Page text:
Use cost-saving standard colors in one area so you can splurge in other areas. The homeowners in this Atlanta neighborhood worked with designer Thea Quillian to plan their kitchen, and originally wanted to install blue upper cabinets. When they found white cabinets from Ikea at a fraction of the cost, they realized they could use the savings to afford more pricey walnut countertops.
A new rug took up $110 of the $500 budget. Designer Heather Hogan Roberts found this fleece rug with a geometric pattern on sale and saved more with a 10 percent off coupon. She bought two ikat window panels and got one for 40 percent off. Those savings allowed her to buy discounted fabric for custom pillows and the elephant end table, which cost $40 at a thrift shop. The fiddle-leaf fig adds natural beauty to a corner with no need for wall art.
Become your own artist. The elephant artwork to the left of the bed was actually a DIY project that a coworker of Atlanta designer Steve McKenzie, owner of Steve McKenzie’s, painted. The brightly upholstered wingback chairs were McKenzie’s jumping off point for the room’s colors in this Dwell with Dignity install.
Go for a high-gloss effect. A smaller group of gray Ikea cabinets, used in an Atlanta mid-century modern kitchen, gives a steel sheen to the space, which was previously designed by Brian Patrick Flynn as his personal residence.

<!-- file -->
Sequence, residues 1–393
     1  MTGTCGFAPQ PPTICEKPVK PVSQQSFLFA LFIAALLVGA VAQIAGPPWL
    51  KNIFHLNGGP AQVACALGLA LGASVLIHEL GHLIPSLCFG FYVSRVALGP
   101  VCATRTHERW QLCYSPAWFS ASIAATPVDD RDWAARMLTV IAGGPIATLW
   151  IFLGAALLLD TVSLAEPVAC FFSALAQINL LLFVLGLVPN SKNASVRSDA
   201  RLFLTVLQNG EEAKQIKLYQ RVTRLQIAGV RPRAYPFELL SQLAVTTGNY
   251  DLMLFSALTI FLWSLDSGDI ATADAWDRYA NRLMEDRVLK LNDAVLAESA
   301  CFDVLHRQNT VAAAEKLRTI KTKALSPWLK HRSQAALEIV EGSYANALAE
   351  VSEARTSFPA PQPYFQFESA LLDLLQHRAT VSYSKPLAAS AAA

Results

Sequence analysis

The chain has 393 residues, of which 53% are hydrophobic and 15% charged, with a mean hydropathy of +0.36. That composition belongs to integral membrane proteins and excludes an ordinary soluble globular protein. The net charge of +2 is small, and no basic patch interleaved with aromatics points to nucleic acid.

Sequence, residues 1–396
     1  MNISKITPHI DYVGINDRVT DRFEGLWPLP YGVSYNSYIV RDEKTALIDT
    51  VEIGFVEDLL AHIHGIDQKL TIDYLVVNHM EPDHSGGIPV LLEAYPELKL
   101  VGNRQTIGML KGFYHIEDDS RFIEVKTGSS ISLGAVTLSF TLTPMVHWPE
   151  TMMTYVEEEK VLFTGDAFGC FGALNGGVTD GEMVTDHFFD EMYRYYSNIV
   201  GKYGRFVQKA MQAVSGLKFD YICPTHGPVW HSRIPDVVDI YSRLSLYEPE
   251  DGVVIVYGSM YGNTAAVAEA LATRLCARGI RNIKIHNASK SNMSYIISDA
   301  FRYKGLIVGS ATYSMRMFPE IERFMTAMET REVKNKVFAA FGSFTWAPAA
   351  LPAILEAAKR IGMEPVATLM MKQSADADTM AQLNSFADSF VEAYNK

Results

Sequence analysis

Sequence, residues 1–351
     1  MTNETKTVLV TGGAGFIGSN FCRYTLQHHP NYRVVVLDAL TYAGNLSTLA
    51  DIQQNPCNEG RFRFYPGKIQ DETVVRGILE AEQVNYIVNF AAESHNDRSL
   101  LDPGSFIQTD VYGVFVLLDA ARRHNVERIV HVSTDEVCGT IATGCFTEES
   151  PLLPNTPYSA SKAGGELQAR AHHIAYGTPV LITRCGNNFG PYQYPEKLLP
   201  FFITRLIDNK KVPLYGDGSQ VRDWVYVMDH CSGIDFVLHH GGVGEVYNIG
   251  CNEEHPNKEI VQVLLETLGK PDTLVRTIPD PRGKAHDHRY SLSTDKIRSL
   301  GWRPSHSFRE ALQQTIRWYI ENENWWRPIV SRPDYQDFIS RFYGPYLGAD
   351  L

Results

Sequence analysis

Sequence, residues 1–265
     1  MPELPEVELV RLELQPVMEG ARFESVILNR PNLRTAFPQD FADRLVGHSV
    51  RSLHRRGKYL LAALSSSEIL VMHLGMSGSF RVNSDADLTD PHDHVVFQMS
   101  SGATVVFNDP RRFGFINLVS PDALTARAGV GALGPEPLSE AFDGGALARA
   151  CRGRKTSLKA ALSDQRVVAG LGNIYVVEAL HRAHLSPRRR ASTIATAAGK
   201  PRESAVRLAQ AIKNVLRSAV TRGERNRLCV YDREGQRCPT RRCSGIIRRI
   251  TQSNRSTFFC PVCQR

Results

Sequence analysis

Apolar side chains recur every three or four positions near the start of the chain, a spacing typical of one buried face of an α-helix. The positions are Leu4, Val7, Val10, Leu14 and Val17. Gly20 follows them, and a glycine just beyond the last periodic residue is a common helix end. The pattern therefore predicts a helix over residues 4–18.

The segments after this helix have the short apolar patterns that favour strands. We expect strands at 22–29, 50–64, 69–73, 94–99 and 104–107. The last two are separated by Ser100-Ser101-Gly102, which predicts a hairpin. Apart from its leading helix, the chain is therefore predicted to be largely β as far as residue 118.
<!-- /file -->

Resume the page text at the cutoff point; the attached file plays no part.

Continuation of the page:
Let your love for vintage jars shine. Light fixtures made from Mason jars fit with a vintage, rustic or farmhouse kitchen design. These single pendants made of upcycled jars cost about $125 each, says Atlanta designer Jenn Ryan, owner of Jenn Ryan Designs and Reclaimed Lighting. Chandeliers made with a trio of Mason jars can also be found for less than $200 through online artisan marketplaces.
You can turn anything into a collection. Group a trio of mirrors with an interesting finish, such as an antique patina, on a wall for instant artwork. If you find mirrors with different sizes and frames at a yard sale or thrift store, patina the frames and mirrors to achieve the same look. “Grouping affordable mirrors is a great way to add charm and interest to a wall,” says Julie Montgomery, owner of Julie Montgomery Interiors in Atlanta.
Take a cheap white bowl (this one cost $2 at a Goodwill thrift shop) and add interest by filing it with a unique accessory: pink beads. Then don't forget mirrors, big or small, when decorating a living space. Designer Heather Hogan Roberts of Ivy and Vine used a mirrored tray underneath. Beyond the table, the woven basket holding blankets on the hearth used to be hidden behind a chair.
Don’t blow the budget on furniture such as a chest, console or end table of your dreams. Instead, style an existing piece of furniture with objects and lighting that have an interesting shape and texture and take cues from the style of the room. Scale is always important, says Atlanta designer Alice Cramer. Ensure your lamp and accessories don’t overpower, but complement, the piece of furniture.
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